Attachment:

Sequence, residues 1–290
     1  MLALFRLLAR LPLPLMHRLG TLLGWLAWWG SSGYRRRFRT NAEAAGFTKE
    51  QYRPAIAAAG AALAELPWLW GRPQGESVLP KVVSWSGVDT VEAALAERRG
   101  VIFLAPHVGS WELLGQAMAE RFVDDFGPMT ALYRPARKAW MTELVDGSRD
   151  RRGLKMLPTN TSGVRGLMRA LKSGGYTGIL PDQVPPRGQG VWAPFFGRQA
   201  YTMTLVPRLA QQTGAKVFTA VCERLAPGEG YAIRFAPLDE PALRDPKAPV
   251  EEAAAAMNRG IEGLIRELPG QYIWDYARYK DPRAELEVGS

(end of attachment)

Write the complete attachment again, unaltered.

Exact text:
Sequence, residues 1–290
     1  MLALFRLLAR LPLPLMHRLG TLLGWLAWWG SSGYRRRFRT NAEAAGFTKE
    51  QYRPAIAAAG AALAELPWLW GRPQGESVLP KVVSWSGVDT VEAALAERRG
   101  VIFLAPHVGS WELLGQAMAE RFVDDFGPMT ALYRPARKAW MTELVDGSRD
   151  RRGLKMLPTN TSGVRGLMRA LKSGGYTGIL PDQVPPRGQG VWAPFFGRQA
   201  YTMTLVPRLA QQTGAKVFTA VCERLAPGEG YAIRFAPLDE PALRDPKAPV
   251  EEAAAAMNRG IEGLIRELPG QYIWDYARYK DPRAELEVGS